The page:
Macabre (pronounced either mekabruh or mekab. The first is the more correct French pronunciation and the second is in the Americanized style.) is a chilling and thrilling word, filled with the spectacularly gruesome and ghastly. Human nature is such that many of us are drawn by a morbid curiosity to the macabre, mostly, I suspect because it is a reminder of our own mortality and because it shows us the fragility and beauty of life, even as it deals with it’s more horrifying aspects. In works of art, macabre is the quality of having a grim, haunting or ghastly atmosphere (an example is The Danse Macabre, which is an artistic theme the usually depicts Death collecting mortals from all walks of life in a Dance of Death) and the same can be said of it in poetry, prose, music, etc.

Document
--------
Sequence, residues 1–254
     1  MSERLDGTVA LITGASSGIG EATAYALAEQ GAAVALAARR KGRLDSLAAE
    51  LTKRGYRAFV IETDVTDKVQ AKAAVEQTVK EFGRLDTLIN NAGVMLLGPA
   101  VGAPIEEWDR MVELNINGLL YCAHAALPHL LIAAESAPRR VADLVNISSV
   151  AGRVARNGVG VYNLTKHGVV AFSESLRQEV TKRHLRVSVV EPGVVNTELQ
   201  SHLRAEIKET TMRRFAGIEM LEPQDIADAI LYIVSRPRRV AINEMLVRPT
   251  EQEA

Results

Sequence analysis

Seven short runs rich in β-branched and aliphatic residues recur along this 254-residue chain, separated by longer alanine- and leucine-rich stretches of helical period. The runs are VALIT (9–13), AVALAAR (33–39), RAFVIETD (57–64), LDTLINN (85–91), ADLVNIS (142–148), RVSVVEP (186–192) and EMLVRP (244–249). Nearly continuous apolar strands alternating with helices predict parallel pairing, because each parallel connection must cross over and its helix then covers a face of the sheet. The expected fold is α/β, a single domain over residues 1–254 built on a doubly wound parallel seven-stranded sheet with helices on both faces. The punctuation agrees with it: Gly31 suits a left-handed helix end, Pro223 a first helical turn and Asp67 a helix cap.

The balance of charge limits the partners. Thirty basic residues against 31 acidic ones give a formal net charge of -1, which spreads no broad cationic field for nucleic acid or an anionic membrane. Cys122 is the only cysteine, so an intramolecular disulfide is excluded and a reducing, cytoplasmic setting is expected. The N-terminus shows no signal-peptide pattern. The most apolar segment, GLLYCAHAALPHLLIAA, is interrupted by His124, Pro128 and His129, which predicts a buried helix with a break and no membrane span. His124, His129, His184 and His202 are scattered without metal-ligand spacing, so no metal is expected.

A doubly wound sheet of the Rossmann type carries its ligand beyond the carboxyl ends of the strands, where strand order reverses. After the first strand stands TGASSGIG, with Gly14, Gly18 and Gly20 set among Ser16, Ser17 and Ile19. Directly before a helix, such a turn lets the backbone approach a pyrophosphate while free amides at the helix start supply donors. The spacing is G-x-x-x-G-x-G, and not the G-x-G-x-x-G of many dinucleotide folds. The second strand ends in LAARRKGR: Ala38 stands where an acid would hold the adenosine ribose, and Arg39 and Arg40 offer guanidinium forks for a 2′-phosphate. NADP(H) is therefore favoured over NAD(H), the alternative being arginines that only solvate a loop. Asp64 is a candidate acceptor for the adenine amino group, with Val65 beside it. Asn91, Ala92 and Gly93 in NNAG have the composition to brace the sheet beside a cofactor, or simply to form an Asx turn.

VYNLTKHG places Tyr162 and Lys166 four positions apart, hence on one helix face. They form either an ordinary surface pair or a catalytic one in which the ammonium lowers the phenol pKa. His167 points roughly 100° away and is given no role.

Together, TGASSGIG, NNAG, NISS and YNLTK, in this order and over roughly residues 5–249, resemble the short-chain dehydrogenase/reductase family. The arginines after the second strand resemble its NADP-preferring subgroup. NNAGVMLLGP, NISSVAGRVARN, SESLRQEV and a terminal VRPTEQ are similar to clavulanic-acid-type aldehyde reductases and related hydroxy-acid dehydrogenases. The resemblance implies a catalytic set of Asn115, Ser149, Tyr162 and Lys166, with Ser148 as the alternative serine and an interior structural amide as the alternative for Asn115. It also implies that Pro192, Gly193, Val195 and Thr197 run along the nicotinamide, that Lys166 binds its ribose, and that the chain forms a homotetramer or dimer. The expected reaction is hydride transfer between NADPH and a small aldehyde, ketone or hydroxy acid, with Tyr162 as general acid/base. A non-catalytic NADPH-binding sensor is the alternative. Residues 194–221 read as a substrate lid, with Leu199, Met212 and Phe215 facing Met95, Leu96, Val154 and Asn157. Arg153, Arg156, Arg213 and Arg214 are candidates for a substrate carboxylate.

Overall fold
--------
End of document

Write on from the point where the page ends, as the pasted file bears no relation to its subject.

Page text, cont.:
At this time of year, when the veil’s drawing thin and Eldritch thoughts prevail, I think macabre is a perfectly fitting term that describes the pull and fascination that life and death can have. Harvest is a time of balance and one that reminds us at once of both our earthly existence and our more spiritual one that extends beyond our mortal frame.
Namaste ~ Ella
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*Image is 1620 Vanitas Still Life with Skull, Wax Jack and Pocket Sundial
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